FAP (familial adenomatous polyposis) is a family history of bowel cancer. FAP is usually inherited from a parent who has the condition, and is caused by a mutation on the APC gene on chromosome number 5. Each child, boy or girl, born to a person with FAP has a 50:50 chance of inheriting the gene that causes it. This is the same as the chance of getting a head or a tail when you toss a coin. This is known as an ‘autosomal dominant’ inheritance. If a person has not inherited the gene that causes FAP then that person’s children will not be at any increased risk of getting polyposis. This is a family tree for one of our polyposis families with an inherited mutation in APCthat causes a
You can have FAP even if there are no other cases in your family. In about 1 in 4 cases, the gene mutation comes about by accident and not because you’ve inherited it.
FAP is responsible for about 1 out of every 100 bowel cancers (1%). FAP causes lots of small non cancerous growths (benign polyps) to develop in the large bowel (colon). But some of these can develop into cancer over a long period of time. Because people with FAP have so many polyps, they have a high risk of getting bowel cancer. By their 40’s or 50’s, it is almost certain they will have bowel cancer. Specialists recommend that people with FAP have surgery to have all of their colon removed by the age of 25 to prevent them getting bowel cancer.
FAP is characterised by the presence of hundreds or thousands of adenomatous polyps in the colons of affected individuals, which often start in adolescence. Cancerous polyps are very common in this condition, usually by age 40, without active management of the polyps and screening on a regular basis. Diagnosis is usually made following colonoscopy to confirm the presence of polyposis. Testing for mutation of the APC gene currently detects 95% of mutations present.
In families where there is a clear history of FAP, screening usually commences by the age of 13 with annual sigmoidoscopy for the first few years, and then annual colonoscopy using a special dye spray. Where FAP is suspected, your GP will refer you to the local Regional Genetics Centre (such as the family history of bowel cancer clinic at West Middlesex University Hospital) for support and on-going management of the condition, because it has been known to affect adolescents and teenagers. Screening for the other complications of FAP is also possible, and the local Regional Genetics Centre will be able to advise about these on an individual basis, once they have seen you and your family in their clinic.
The treatment for FAP is usually a planned operation to remove the affected part of the colon once polyposis has become established. This normally occurs in the late teens or early twenties. Later in life you may require other screening such as a gastroscopy which will be discussed with you in detail. These are very rare conditions and you will need the specialist help and support of an experienced colorectal team to help make the right decisions for the individual affected.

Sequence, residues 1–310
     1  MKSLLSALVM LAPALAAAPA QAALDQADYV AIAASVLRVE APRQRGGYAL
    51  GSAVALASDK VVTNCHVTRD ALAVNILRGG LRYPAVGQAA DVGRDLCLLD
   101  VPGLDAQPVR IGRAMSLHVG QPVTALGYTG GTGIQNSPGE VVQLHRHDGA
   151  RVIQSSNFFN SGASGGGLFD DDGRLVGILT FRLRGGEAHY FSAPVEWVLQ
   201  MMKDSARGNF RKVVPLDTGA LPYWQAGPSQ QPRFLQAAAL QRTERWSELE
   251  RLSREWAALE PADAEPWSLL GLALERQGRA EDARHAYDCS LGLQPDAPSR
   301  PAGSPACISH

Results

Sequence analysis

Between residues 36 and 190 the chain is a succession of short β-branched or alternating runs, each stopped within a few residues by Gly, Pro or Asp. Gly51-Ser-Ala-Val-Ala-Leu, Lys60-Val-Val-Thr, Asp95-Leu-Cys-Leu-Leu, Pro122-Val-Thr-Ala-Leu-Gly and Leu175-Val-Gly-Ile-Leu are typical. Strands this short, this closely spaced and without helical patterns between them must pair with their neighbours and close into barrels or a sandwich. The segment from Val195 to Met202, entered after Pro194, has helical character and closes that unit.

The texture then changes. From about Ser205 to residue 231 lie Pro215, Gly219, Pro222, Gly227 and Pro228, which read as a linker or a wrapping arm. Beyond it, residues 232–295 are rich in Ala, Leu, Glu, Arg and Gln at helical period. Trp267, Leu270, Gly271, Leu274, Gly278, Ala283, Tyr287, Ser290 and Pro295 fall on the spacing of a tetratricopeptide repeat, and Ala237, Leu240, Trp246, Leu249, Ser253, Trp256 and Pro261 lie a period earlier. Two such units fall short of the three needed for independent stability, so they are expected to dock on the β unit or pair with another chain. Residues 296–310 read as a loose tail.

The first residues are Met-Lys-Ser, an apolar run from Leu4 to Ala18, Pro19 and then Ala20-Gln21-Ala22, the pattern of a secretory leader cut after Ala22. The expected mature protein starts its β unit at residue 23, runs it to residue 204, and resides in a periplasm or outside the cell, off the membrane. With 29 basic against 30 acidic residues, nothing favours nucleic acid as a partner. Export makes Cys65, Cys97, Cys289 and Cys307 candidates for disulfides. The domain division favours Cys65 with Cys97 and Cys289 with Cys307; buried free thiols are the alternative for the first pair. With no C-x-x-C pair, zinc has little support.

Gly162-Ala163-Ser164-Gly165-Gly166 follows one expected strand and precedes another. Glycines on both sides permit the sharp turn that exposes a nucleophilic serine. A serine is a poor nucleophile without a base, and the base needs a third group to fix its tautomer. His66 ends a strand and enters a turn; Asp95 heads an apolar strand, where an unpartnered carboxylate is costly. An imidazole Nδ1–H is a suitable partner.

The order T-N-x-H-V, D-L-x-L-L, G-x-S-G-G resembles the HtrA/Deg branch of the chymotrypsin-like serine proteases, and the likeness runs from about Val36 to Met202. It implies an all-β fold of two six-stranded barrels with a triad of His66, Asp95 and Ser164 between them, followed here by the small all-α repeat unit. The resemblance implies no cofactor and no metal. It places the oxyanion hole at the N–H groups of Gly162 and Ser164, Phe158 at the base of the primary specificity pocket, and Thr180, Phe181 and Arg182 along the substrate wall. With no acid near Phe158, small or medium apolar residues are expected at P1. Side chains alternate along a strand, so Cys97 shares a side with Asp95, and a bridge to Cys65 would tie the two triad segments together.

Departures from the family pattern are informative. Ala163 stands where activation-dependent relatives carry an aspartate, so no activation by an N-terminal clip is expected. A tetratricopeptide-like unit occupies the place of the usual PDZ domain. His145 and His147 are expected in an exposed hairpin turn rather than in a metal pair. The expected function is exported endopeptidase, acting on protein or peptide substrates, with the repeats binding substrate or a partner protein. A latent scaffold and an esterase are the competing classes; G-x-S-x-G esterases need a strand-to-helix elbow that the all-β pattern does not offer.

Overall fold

Other Polyposis syndromes
This is another inherited syndrome which may cause multiple polyps and cancer of the large bowel, similar in many respects to FAP. However there is often not a family history because the risk must be inherited from both parents who are usually unaffected themselves. It is caused by a mutation on the MUTYH gene on chromosome number 1. This is called autosomal recessive inheritance, and as demonstrated in the family tree below in which 2 brothers were diagnosed with polyposis and colorectal cancer in their 30s, means that only a single generation is likely to be affected. We can offer genetic testing for this condition however. People affected with this condition have a lower risk of developing cancer in their lifetime compared to FAP.
This is a rare condition where a type of polyp called ‘hamartomatous’ can arise anywhere in the small or large bowel, and these polyps can develop in to cancer. There is often a characteristic feature present from childhood called buccal pigmentation which means that there is freckling on the lips and mouth. This kind of freckling can develop in adults but this is not usually due to Peutz-Jeghers Syndrome but perhaps another benign condition called Laugier-Hunziker syndrome, which is no concern. There are other hamartomatous polyposis syndromes such as PTEN hamartoma tumor syndrome which includes Bannayan-Riley-Ruvalcaba Syndrome.
In HPS (also known as serrated polyposis syndrome) there may be just a few large hyperplastic polyps, mixed adenomas or sessile serrated adenomas, sometimes called serrated adenomas, usually on the right hand side of the large bowel. They have a significant cancer risk and should be removed. They are sometimes associated with a history of cancer in the family. It may be associated with cigarette smoking.
Read the ‘related articles’ on this blog below or try out these links to other sites
- Hereditary Colorectal Cancer Syndromes (familyhistorybowelcancer.wordpress.com) for more information about polyposis syndromes
- Lynch Syndrome (familyhistorybowelcancer.wordpress.com)
- Prevalence of Gene Mutations in Polyposis Varies by Adenoma Count. (zedie.wordpress.com)
- Genes May Be Key for Patients with Multiple Colon Polyps (nlm.nih.gov)
- Twenty-five years since landmark bowel cancer discovery – Cancer Research UK – Science Update blog (familyhistorybowelcancer.wordpress.com)
- Familial adenomatous polyposis (FAP) (familyhistorybowelcancer.wordpress.com)